- By Joe Gross American-Statesman Staff
“It is a period of civil war. Rebel spaceships, striking from a hidden base, have won their first victory against the evil Galactic Empire. During the battle, Rebel spies managed to steal secret plans to the Empire’s ultimate weapon, the Death Star, an armored space station with enough power to destroy an entire planet.” — From the opening crawl to “Star Wars: A New Hope”
This is pretty much all you need to know going into the totally excellent “Rogue One,” the first of the proposed series of “Star Wars” anthology films that will alternate with films in the main storyline. Next year comes “Episode VIII,” then the Han Solo movie in 2018, etc.
Let’s be honest: We all maybe expected a little too much from last year’s “The Force Awakens,” the much-anticipated revival of the main storyline. The emotional obligations that movie had were just astronomical, more than any story could possibly live up to. And, in hindsight, as awesome as Rey and Finn are, perhaps some of us overlooked obvious flaws (sun-powered superweapon built into a planet, I am looking at you) because we were a little too excited to see the Millennium Falcon back in action.
“Rogue One” has no such obligations.
Directed by Gareth “Godzilla” Edwards and written by Hollywood script ninjas Chris Weitz and Tony Gilroy, “Rogue One” distinguishes itself immediately from every other “Star Wars” movie. There is no opening crawl; indeed, the words “Star Wars” don’t even appear with the title.
We are simply dropped into the action as a Star Destroyer approaches a planet (of course, we see the enormous image fill the screen — you can’t get rid of everything.)
A small girl runs through a field — there are still plenty of vast, imagination-firing vistas, a la Tatooine, in “Rogue One” — as an Imperial shuttle flies overhead and lands. The girl runs to her parents, who almost panic.
The shuttle holds one Orson Krennic (Ben Mendelsohn, aka that guy you keep thinking is Hugh Laurie but isn’t). Clad in Imperial whites and cloak and accompanied by Stormtroopers, everything about Krennic seems the very model of executive-level baddie.
He is here for Galen Erso (Mads Mikkelsen, because there are few actors whose very presence screams “possibly murderous moral ambiguity” as loudly). Erso is required to finish work on the Empire’s newest ultimate weapon. He resists, it goes poorly, and his daughter, young Jyn, escapes.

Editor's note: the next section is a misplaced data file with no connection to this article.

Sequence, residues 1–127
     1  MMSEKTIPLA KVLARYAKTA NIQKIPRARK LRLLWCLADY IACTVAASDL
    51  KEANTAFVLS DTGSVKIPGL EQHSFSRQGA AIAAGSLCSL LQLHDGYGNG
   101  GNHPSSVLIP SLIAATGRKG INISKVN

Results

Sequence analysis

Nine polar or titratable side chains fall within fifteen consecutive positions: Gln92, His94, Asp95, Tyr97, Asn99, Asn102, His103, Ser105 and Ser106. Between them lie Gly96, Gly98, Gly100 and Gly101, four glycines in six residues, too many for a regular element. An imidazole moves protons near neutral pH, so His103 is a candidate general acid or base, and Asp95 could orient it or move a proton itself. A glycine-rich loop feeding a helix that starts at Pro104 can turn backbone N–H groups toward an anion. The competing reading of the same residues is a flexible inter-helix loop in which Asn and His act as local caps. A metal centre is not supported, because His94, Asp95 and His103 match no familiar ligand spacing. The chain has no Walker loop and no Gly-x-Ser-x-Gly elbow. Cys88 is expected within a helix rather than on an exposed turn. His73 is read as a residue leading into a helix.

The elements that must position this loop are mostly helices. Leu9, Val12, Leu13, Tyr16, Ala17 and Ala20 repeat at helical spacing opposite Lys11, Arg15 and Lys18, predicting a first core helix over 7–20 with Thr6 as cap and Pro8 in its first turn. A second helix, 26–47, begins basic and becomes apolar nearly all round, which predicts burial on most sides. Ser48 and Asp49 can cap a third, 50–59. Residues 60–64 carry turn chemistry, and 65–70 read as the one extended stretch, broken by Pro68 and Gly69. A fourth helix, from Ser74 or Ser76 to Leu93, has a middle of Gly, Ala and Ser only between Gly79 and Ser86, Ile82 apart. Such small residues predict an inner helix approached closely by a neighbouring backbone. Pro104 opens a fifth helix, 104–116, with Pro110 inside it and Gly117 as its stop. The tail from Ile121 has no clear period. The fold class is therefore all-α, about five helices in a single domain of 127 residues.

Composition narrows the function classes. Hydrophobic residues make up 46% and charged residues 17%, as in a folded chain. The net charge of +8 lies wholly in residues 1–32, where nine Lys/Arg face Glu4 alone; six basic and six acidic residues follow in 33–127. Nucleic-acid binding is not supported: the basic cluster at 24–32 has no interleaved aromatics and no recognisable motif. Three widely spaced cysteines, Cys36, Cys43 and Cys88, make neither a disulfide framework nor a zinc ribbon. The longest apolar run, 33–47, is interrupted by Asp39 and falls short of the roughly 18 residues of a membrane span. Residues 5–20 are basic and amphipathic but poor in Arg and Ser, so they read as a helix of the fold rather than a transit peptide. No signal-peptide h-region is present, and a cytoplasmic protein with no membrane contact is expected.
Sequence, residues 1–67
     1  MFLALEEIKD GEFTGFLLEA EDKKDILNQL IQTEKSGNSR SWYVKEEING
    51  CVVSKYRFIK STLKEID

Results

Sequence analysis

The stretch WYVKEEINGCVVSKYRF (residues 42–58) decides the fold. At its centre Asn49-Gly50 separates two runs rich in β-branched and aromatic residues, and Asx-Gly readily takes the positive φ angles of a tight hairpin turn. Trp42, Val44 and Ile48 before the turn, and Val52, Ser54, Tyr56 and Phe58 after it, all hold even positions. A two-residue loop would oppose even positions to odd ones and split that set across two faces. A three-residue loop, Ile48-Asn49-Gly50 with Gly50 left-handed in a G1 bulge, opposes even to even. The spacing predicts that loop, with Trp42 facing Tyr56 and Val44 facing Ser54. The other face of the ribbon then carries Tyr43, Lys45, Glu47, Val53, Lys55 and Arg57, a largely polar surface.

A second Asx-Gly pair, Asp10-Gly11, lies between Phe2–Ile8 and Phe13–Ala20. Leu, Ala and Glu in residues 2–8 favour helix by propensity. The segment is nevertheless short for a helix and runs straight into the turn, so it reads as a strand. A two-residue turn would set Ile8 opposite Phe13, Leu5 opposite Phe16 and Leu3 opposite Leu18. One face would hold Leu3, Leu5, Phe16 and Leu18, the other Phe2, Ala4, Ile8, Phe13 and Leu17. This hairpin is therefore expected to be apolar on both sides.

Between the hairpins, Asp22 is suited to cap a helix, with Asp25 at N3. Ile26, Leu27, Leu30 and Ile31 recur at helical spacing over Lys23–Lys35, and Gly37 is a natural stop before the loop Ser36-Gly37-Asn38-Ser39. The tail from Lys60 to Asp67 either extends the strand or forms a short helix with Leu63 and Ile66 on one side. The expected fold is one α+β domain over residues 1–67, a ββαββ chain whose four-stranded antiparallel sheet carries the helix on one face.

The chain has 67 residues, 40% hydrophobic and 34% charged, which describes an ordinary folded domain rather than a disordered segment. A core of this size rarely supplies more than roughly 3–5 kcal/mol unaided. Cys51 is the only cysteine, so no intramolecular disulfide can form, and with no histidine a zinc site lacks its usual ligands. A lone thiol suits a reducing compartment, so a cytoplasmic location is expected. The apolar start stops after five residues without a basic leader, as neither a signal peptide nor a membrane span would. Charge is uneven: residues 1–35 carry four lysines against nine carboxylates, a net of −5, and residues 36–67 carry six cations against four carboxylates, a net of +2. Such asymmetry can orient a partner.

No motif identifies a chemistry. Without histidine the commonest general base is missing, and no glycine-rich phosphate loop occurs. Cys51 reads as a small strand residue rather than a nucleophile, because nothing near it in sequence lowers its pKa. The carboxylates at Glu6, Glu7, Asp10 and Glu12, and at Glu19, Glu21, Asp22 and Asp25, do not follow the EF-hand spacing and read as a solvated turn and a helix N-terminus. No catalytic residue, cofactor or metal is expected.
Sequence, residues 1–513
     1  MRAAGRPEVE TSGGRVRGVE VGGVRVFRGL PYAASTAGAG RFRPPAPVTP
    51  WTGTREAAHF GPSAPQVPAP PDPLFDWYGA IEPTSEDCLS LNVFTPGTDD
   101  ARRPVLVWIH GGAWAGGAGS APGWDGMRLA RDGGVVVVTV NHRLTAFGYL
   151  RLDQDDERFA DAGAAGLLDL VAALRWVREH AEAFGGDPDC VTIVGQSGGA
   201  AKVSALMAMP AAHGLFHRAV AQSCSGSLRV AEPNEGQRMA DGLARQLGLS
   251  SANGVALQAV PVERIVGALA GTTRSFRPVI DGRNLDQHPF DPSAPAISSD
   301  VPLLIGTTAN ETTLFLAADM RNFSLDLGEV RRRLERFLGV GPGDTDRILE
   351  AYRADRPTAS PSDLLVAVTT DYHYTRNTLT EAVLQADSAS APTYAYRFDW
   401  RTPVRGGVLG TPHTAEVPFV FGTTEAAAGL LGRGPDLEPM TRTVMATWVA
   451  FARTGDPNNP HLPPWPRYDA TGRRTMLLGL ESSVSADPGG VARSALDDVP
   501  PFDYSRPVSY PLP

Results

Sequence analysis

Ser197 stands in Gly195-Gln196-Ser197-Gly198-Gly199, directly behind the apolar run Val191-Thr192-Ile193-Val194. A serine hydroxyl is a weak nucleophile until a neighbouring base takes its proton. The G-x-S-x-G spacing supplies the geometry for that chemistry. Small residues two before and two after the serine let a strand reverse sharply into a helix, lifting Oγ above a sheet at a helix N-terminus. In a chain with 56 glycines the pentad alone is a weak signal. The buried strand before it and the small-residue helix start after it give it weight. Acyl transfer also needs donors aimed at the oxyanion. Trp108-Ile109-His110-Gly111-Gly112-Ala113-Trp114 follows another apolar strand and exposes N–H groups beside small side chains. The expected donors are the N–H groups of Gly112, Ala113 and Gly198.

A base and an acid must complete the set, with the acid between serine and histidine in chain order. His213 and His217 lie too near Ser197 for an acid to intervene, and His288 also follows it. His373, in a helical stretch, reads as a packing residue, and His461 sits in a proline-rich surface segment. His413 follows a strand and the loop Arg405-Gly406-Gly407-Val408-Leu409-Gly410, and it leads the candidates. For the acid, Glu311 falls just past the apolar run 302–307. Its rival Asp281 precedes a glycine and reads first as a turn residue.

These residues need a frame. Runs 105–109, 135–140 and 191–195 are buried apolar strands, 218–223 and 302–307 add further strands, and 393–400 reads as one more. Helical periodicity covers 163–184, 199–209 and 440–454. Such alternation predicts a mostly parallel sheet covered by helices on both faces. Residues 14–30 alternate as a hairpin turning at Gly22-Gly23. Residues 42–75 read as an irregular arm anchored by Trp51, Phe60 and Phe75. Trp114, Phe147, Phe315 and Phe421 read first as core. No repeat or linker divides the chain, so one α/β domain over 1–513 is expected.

Fifteen years later, Jyn (Felicity Jones), a petty criminal for some time now, is busted out of Imperial jail by some Rebels who have learned who her father is. The group is led by Cassian Andor (Diego Luna in an appropriately awesome jacket), and Jyn joins the Rebellion almost against her will.
First up is getting Jyn in contact with fanatical Rebel veteran Saw Gerrera (Forest Whitaker, who really, really loves weird accents). Gerrera is holed up on Jedha, a planet holy to those who believe in the Force, the capital of which has become a war zone (not to mention a religious city occupied by a secular, fascist army).
And that’s just the beginning of a planet-hopping space opera, one that’s part World War II sabotage movie a la “Guns of Navarone” and part Akira Kurosawa adventure.
War flick and Asian cinema are, of course, two of the elements that went into George Lucas’ conceptual gumbo for “Star Wars,” and Edwards uses these influences in new ways. Stormtroopers storm a beach, Normandy-style. The blind, Force-worshipping warrior Chirrut Îmwe (Chinese martial arts action star Donnie Yen) and his partner Baze Malbus (Jiang Wen), he of the blaster machine gun, make a pair straight out of Hong Kong heroic bloodshed pictures.
For their part, Jones and Luna have decent, nonromantic chemistry. He has been part of the Rebellion his whole life; she is the brash newcomer whose dedication to the cause is Han Solo-level suspect.
You thought everything looked shabby in “A New Hope”? Here, the greasy-faced Rebels look unwashed and exhausted, much like rebels anywhere. Gerrera is more machine than man, and his look, along with a very “Blade Runner” scene in a city, gives bits of “Rogue One” a cyberpunk feel. This is by far the grittiest entry in the “Star Wars” canon; those with small children who want to see it are reminded that this is a story about war, and those rarely have happy endings.
Which is to say that Edwards does his level best to get the balance right between new ideas and obligatory callbacks.The Stormtroopers still have some of the worst armor in the galaxy. All of the costumes, many of which had to read on screen exactly like outfits in “A New Hope,” look fantastic.
A fan-favorite character is CGI’ed right into the Death Star (which means a dive into the uncanny valley like it’s Beggar’s Canyon back home). Darth Vader, voiced once again by James Earl Jones, called in as the Empire’s Luca Brasi, has never seemed more demonic or acted more violently.
And yes, there’s a droid named K-2SO (Alan Tudyk) there for comic relief. But since he’s a reprogrammed Imperial droid, he’s a mite more hostile than C-3PO. The moment someone starts to say the series’ signature line, other characters shout him down, as if it’s bad luck.
Which it sort of is. At its best, “Rogue One” is scrappy and epic in equal measure, aware of the potential to be glorified fan fiction and using exactly what it needs from the “Star Wars” mythology to create a vibrant, stand-alone adventure. The Force is with it.